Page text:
Senator Henry M. Jackson
The drawing was made for the International Commemorative Conference
held in Jerusalem on the Occasion of the 20th Aniversary
of the Jackson-Vanik Amendment

What Every Russian Child Knew

       The late Senator Henry M. Jackson would have welcomed an extraordinary, if indirect, testimonial to him made by Russian President Boris Yeltsin at a Washington, D.C. luncheon several months ago. An audience invited by Vice President Al Gore and comprising the American foreign policy elite heard Yeltsin say on September 27, 1994 that every Russian school child knows what the Jackson-Vanik Amendment stands for.

       Henry Martin Jackson was born in Everett, Washington, on May 31, 1912, and died there on September 1, 1983, at the age of 71. At his death, he was the senior U.S. Senator from the State of Washington and had served in Congress for nearly 43 years.

       A graduate of the University of Washington where he received his law degree in 1935, "Scoop" Jackson, as he became known, was admitted to the Washington bar and began practice with an Everett law firm. The lure of public life was strong, however, and in the fall of 1938 he was elected to the prosecutor's office at the age of 26. He remained in public life until his death. During World War II he served in the Army as an enlisted man until recalled to his congressional duties by President Roosevelt. In 1945, Congressman Jackson officially visited Buchenwald a few days after the death camp was liberated.

       Jackson was reelected five times to the House of Representatives and, in 1952, successfully challenged the incumbent Harry P. Cain for his Senate seat. In more than 30 years in the Senate, Senator Jackson was deeply involved in the major issues of American political life, from the drama of the Army-McCarthy hearings in 1954 to the fight for Soviet Jewry in the 1970s.

       Far more eloquent testimony of the historic significance of Jackson-Vanik than Yeltsin's comments were the actual figures of large-scale aliyah. While other factors, such as the Helsinki process, were vital and crucial elements in the aliyah breakthrough, Jackson-Vanik provided a critical spark plug. Senator Jackson had specifically referred to a "benchmark" of 60,000 Jewish emigrants per annum to measure Moscow's commitment to the provisions of the Amendment which was largely his brainchild.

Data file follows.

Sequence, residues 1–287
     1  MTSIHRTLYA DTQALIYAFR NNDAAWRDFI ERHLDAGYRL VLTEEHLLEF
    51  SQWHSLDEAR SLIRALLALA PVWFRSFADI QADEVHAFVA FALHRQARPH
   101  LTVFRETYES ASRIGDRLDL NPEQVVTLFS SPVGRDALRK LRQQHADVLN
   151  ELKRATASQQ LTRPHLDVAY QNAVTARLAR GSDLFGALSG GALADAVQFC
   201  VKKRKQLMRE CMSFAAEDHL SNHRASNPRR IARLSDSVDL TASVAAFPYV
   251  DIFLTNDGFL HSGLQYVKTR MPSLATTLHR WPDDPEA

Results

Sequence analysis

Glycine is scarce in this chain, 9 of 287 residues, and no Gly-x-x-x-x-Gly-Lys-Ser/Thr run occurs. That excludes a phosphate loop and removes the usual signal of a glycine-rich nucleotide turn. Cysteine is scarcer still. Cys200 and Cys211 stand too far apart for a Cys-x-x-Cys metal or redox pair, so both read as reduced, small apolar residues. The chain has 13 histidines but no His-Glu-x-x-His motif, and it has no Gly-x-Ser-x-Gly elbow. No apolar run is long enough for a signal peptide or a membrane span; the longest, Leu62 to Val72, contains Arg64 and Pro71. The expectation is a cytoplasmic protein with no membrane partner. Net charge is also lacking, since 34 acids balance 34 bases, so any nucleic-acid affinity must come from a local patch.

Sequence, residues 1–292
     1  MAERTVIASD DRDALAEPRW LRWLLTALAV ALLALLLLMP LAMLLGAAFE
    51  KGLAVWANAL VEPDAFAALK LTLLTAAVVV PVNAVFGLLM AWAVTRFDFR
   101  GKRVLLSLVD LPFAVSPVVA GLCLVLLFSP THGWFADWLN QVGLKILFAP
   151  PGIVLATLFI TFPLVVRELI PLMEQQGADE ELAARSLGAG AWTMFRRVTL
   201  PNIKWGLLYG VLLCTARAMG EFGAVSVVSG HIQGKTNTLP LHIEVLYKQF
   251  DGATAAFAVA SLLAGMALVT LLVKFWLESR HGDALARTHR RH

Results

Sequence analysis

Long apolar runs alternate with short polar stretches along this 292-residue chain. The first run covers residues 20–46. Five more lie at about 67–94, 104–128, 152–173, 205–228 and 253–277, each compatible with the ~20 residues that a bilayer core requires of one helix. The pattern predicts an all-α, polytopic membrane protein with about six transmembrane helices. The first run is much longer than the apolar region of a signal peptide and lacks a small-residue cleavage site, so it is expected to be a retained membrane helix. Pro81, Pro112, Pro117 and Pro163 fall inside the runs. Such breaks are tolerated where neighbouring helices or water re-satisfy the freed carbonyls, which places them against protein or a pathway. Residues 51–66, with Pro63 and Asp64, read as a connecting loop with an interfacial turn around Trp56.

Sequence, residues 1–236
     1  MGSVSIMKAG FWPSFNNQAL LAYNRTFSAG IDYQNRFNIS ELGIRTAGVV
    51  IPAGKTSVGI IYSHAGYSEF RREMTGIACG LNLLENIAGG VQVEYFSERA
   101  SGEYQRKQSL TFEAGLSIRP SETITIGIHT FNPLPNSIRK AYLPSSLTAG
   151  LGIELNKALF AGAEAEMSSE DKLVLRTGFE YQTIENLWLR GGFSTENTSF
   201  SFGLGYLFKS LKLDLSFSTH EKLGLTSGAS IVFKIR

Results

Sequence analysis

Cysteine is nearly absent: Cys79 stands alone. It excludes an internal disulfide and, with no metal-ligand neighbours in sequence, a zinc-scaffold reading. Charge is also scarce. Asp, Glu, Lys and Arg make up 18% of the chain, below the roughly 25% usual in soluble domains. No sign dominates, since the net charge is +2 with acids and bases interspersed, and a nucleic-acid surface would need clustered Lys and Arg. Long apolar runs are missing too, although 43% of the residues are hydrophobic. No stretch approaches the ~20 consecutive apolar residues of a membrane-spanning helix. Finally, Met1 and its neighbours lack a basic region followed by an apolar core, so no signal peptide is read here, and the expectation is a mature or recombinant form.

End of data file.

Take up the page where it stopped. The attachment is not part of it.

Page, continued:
As important as the volume of exodus, and perhaps even more so, was the removal of obstacles to emigration and the establishment of machinery to facilitate obtaining exit visas. The principal obstacle was an arbitrary decision of Russian administrators that the exit visa applicant allegedly knew state secrets.

       While President Yeltsin was giving emphasis to the significance of Jackson-Vanik, former Secretary of State Henry A. Kissinger, in his newly published work, Diplomacy, was expressing harsh criticism of what he perceived to be the use of trade linkage "as a means of producing domestic upheaval in the Soviet Union...." Jackson and his supporters were described by Kissinger as treating "the issue of Jewish emigration" as a "surrogate for the ideological confrontation with Communism."

       The allegations were without foundation. Jackson, in reintroducing his Amendment in the Senate on April 15, 1973 had specifically referred to the Universal Declaration of Human Rights, the international community's principal standard of civility, as the source of his proposal. Article 13(b) of the Declaration made explicit the absolute right of everyone to leave any country including his own. The provision had been cruelly observed in the breach by the USSR and its allies in East Europe. What the Senator sought was the Soviet Union's adherence to a fundamental standard of civilization, certainly not a domestic upheaval nor even an ideological confrontation with Communism.

       What had prompted Senator Jackson to undertake his historic initiative was a secret decision of the Kremlin in mid-August, 1972, clearly designed to halt the flow of Jewish emigrants to Israel which had begun only some 18 months earlier. An applicant for an exit visa would now have to pay an exorbitant "diploma tax," the size of which to be linked to the number of years he or she had spent in higher education. A scientist with an average annual income of 2,000 rubles might have had to pay a prohibitive 40,000 rubles for himself and his family. Leading Soviet Jewish activists saw the tax as establishing "a new category of human beings — the slaves of the twentieth century."